In addition to Garfield’s amazing story, the book also showcases Alexander Graham Bell at the height of his inventiveness, including his induction scanner (an early edition of today’s MRI) which he was trying to use to locate the bullet that was lodged in the president’s back.
Also covered in-depth is the state of medicine in the late 1800s. Due to a total lack of sterilization and antiseptic protocol (which was normal at that time), it was found (during the autopsy) that the president clearly died from massive infection due to his poor medical treatment/handling…….and not the assassin’s bullet.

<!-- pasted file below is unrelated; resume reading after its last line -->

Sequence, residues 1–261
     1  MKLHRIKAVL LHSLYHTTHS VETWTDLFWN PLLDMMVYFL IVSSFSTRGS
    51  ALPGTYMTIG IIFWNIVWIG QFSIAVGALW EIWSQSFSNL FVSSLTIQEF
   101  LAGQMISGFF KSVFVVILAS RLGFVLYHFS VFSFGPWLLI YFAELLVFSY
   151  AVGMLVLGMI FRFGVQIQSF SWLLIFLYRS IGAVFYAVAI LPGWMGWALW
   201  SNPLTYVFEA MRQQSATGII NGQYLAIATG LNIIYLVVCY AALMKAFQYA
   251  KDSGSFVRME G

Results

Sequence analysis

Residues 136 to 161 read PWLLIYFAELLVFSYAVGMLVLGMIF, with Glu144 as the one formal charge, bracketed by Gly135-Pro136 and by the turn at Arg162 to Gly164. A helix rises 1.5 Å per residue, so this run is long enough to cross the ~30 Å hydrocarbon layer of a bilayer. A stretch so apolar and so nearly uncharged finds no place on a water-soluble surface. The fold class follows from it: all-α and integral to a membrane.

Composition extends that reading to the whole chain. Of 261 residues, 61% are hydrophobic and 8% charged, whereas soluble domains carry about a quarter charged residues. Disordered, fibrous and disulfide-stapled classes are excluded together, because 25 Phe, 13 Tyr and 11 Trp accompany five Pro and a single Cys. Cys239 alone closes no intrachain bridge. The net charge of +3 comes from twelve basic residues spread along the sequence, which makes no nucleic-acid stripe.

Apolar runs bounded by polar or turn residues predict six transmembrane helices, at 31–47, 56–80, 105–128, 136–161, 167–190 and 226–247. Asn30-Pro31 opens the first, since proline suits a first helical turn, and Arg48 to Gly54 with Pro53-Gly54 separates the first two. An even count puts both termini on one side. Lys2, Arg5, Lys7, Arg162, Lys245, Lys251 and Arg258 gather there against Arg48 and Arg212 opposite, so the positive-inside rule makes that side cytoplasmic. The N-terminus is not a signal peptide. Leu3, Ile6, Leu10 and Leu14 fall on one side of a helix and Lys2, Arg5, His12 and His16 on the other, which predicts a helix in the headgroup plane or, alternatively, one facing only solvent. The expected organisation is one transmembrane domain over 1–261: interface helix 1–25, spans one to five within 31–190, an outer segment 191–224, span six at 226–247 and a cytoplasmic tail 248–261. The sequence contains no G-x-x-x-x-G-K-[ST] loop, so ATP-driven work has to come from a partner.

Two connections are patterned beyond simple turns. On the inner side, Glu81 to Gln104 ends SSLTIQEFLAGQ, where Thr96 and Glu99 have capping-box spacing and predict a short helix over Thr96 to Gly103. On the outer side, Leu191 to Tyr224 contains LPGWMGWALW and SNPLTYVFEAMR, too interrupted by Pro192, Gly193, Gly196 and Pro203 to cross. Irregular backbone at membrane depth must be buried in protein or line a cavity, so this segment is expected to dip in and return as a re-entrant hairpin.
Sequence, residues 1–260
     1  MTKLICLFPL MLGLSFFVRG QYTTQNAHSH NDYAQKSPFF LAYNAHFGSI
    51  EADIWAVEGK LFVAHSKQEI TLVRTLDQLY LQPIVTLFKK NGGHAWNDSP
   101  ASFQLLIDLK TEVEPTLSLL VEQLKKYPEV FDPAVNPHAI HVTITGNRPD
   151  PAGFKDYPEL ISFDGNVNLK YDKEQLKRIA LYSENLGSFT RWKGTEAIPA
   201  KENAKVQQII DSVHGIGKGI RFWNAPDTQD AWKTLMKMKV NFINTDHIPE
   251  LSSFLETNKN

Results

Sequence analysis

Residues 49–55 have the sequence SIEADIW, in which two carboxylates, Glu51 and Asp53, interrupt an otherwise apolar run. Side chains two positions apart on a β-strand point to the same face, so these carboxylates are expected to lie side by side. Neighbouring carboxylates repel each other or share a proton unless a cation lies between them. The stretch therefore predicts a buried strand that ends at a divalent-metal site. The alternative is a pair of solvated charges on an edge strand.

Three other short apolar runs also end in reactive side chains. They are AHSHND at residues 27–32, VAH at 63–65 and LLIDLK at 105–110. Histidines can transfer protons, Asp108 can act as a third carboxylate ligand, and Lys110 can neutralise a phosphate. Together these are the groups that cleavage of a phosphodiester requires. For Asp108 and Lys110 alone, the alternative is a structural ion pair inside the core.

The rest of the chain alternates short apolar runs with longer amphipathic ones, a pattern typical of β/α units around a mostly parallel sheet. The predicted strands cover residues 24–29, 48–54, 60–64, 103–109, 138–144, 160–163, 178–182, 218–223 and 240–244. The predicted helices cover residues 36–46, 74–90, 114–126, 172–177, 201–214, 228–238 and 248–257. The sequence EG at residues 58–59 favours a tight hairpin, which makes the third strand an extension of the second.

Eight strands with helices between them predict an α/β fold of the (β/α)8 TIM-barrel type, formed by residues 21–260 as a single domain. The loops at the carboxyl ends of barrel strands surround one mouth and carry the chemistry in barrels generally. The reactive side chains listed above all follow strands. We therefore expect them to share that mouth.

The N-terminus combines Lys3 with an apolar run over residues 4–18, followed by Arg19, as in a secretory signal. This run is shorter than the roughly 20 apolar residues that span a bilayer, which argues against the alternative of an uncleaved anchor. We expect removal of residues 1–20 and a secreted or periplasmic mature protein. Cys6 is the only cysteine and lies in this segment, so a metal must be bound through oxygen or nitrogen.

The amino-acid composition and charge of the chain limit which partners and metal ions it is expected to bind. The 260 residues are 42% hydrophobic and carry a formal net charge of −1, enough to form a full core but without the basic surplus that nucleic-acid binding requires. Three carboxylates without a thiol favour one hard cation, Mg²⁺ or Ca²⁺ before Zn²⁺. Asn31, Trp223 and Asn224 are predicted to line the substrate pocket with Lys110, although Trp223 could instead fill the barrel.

Although this story seemed to get bogged down with details at times, it’s still a very good read if you want to learn about one of the presidents that you never hear anything about.
James Garfield's story is very American for that time. He grew up poor, but was able to make a name for himself. He never aspired to be President, and reluctantly took the position. He hoped to make changes to the spoils system, but never had the chance.
Bell's story is included as he worked desperately to invent something that could detect the bullet in Garfield's back. He had an interesting history working with the deaf.
Millard is an expert at crafting nonfiction in a way that appeals to the reader. She chooses lesser known historical events and brings them to light by revealing all the characters involved. It was very hard to put down this book, wondering what would happen next. She also does this exceptionally well in The River of Doubt.
I would recommend this to anyone that is a nonfiction reader, especially of history.